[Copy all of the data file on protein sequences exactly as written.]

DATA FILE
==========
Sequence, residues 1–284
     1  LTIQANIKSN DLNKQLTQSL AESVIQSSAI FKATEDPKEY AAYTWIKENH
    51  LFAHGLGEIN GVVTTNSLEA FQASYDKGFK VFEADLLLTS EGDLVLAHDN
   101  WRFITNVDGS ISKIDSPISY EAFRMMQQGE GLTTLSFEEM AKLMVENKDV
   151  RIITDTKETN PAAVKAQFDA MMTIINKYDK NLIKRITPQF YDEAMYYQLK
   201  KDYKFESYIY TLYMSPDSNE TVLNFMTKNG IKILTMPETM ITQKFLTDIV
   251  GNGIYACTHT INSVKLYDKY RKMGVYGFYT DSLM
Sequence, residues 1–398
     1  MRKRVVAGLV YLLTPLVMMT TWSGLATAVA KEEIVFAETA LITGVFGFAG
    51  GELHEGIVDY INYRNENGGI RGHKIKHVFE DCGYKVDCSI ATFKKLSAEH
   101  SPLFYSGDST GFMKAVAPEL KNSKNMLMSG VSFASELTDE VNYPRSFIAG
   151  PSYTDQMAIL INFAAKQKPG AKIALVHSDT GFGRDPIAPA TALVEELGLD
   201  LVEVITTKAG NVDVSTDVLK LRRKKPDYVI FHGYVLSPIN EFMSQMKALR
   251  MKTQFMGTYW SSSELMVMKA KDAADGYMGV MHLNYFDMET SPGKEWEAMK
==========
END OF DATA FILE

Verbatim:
Sequence, residues 1–284
     1  LTIQANIKSN DLNKQLTQSL AESVIQSSAI FKATEDPKEY AAYTWIKENH
    51  LFAHGLGEIN GVVTTNSLEA FQASYDKGFK VFEADLLLTS EGDLVLAHDN
   101  WRFITNVDGS ISKIDSPISY EAFRMMQQGE GLTTLSFEEM AKLMVENKDV
   151  RIITDTKETN PAAVKAQFDA MMTIINKYDK NLIKRITPQF YDEAMYYQLK
   201  KDYKFESYIY TLYMSPDSNE TVLNFMTKNG IKILTMPETM ITQKFLTDIV
   251  GNGIYACTHT INSVKLYDKY RKMGVYGFYT DSLM
Sequence, residues 1–398
     1  MRKRVVAGLV YLLTPLVMMT TWSGLATAVA KEEIVFAETA LITGVFGFAG
    51  GELHEGIVDY INYRNENGGI RGHKIKHVFE DCGYKVDCSI ATFKKLSAEH
   101  SPLFYSGDST GFMKAVAPEL KNSKNMLMSG VSFASELTDE VNYPRSFIAG
   151  PSYTDQMAIL INFAAKQKPG AKIALVHSDT GFGRDPIAPA TALVEELGLD
   201  LVEVITTKAG NVDVSTDVLK LRRKKPDYVI FHGYVLSPIN EFMSQMKALR
   251  MKTQFMGTYW SSSELMVMKA KDAADGYMGV MHLNYFDMET SPGKEWEAMK